Sunday, January 26, 2014

New Kids on the Block? 3 Ways to Help Your Kids Make Friends When They're New to Louisville

Have kids? Then as you know, after moving to a new city and new neighborhood, children may have a hard time adjusting and establishing new friendships. Here are a few great ways to help them get started on the right foot in a new environment.

Sign Them Up for a Regular Extracurricular Activity

You're killing two birds with one stone with an extracurricular activity—you're getting the kids off the couch and active for one to two hours at a time, and also enabling them to have natural interaction with other kids their age in a setting ripe for bonding. What are your child's biggest interests? Whether it's arts and crafts, taking care of animals, or building houses out of Lego, there are lots of potential avenues where your child can participate as a volunteer on a regular basis in a setting they feel passionate about. Team sports are a good idea, because it helps develop their physical skills as well as gives them enough space such that Mom and Dad aren't standing over their shoulder monitoring them at every moment.

Louisville community centers, such as Sun Valley, offer all sorts of activities, from children's archery to Tae Kwon Do, on a weekly basis. Their open fitness rooms offer everything from scrapbooking, to basketball and line dancing, and kids of all different ages can attend. What's most important is that your child can find a positive area where they can interact with others—younger and older—to develop friendships important to their emotional maturity.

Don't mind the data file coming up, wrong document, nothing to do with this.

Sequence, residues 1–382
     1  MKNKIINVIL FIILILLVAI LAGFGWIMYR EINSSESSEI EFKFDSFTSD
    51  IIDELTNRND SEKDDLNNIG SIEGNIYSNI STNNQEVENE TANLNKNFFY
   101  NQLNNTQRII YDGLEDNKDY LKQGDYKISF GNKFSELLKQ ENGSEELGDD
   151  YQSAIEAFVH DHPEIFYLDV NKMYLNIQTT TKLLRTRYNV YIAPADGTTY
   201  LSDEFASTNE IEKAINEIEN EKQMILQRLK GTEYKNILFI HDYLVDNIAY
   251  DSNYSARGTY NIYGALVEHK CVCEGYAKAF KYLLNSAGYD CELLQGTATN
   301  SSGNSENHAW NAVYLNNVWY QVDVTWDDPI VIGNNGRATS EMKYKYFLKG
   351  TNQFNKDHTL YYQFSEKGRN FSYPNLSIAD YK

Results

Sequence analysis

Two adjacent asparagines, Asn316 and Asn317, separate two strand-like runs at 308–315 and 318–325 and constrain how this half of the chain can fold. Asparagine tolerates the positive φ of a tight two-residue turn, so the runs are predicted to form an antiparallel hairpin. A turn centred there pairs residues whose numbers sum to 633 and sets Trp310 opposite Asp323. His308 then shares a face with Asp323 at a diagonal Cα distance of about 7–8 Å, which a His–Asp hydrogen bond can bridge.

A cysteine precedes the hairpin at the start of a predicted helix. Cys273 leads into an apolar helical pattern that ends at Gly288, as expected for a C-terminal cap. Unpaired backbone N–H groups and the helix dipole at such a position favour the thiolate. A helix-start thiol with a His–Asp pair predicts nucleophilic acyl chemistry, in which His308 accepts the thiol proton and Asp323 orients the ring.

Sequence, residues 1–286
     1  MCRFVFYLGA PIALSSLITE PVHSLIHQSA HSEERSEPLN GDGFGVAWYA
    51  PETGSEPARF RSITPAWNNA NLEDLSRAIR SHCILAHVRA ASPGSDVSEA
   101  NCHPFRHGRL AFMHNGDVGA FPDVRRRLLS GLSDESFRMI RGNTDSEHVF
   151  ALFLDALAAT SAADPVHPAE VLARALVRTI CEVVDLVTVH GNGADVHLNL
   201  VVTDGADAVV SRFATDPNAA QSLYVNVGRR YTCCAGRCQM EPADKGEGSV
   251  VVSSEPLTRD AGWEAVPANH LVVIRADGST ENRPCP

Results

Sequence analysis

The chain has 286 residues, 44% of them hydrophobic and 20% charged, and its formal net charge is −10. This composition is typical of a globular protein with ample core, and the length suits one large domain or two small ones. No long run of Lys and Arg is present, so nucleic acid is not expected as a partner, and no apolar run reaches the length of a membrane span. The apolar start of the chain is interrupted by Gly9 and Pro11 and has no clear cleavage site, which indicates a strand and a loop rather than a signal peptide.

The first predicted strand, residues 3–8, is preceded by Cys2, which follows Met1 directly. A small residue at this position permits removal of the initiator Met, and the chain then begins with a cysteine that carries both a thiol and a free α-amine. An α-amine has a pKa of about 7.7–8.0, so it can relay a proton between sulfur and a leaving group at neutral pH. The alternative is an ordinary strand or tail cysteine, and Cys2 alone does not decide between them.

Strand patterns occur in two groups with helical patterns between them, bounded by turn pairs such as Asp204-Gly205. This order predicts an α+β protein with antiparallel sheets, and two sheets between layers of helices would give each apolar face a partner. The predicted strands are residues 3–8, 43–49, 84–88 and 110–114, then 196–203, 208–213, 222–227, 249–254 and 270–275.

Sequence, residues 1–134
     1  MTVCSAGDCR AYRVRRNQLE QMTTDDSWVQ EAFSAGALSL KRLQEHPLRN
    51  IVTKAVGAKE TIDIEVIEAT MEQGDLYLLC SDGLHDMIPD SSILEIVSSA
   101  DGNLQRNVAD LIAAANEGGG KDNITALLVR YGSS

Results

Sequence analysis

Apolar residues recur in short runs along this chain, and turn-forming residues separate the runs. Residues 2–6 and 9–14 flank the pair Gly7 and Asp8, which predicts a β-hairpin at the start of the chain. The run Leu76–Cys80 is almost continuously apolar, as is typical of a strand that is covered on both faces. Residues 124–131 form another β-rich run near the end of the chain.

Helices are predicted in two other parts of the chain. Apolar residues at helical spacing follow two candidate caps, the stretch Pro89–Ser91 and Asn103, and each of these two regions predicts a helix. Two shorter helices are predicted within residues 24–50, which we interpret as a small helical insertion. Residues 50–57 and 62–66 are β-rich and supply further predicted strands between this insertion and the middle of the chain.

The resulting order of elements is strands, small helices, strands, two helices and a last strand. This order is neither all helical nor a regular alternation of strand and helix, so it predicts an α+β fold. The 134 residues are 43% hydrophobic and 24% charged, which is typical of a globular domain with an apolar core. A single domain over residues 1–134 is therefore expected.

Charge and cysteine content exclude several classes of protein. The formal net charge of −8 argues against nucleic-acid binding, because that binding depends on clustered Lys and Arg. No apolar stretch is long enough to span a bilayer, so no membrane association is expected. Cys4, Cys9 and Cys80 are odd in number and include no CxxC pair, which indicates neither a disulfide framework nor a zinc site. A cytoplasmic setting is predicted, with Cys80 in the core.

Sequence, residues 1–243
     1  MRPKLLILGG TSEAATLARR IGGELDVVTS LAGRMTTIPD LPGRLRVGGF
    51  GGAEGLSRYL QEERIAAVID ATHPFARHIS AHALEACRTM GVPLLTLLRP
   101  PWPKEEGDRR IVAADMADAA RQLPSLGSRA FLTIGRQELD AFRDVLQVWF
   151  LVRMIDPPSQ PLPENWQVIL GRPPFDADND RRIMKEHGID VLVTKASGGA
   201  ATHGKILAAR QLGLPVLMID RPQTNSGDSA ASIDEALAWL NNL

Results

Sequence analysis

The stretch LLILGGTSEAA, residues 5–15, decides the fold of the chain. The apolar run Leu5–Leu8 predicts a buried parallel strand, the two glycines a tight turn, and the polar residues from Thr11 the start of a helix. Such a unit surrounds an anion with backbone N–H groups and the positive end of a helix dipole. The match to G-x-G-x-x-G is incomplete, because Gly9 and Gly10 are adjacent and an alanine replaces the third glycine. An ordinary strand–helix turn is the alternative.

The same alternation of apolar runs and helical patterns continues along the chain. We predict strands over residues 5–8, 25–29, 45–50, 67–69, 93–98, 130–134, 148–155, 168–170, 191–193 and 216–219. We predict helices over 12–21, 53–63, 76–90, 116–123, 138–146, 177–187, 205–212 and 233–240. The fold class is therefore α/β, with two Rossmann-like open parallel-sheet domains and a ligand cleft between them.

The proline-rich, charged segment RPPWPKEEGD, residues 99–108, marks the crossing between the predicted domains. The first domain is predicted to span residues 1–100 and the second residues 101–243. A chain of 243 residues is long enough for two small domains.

Arrange Play Dates Through Their School Network

If you've arrived in the new city intent on participating in school activities via the Parent Advisory Committee, getting to know other parents and arranging consequent play dates with your children and the children of other parents isn't a bad idea. You'll get to build your own network within the city as well as encourage your child to make new friends from their school. As a side benefit, getting a rehash of "what really happened" that day in school never hurts.

It's About Interacting With Others

The important thing to realize is that friendships ultimately can't be forced. For your children, it's about setting them up for success in non-threatening environments that allow them to interact with others in a real, non-digital setting to grow their social skills and social network. It can be as simple as time at the school playground; all you’ll have to do is take them there and let them play with other kids after school for half an hour, or give your child the permission and gentle encouragement to play with the neighbor's son in your backyard.

If your child is shy, it doesn’t mean they shouldn’t socialize. They'll gradually get used to meeting new people if they have been socialized to do so on a regular basis. Remember, the unlikeliest friendships have cropped up in all sorts of places. What's important is that on some level, you have your children real listening and speaking skills that will give them a positive launching pad off which they can develop their own friendships.

About the Author:  Joe Hayden is the Team Owner and Manager of the Joe Hayden Real Estate Team - !

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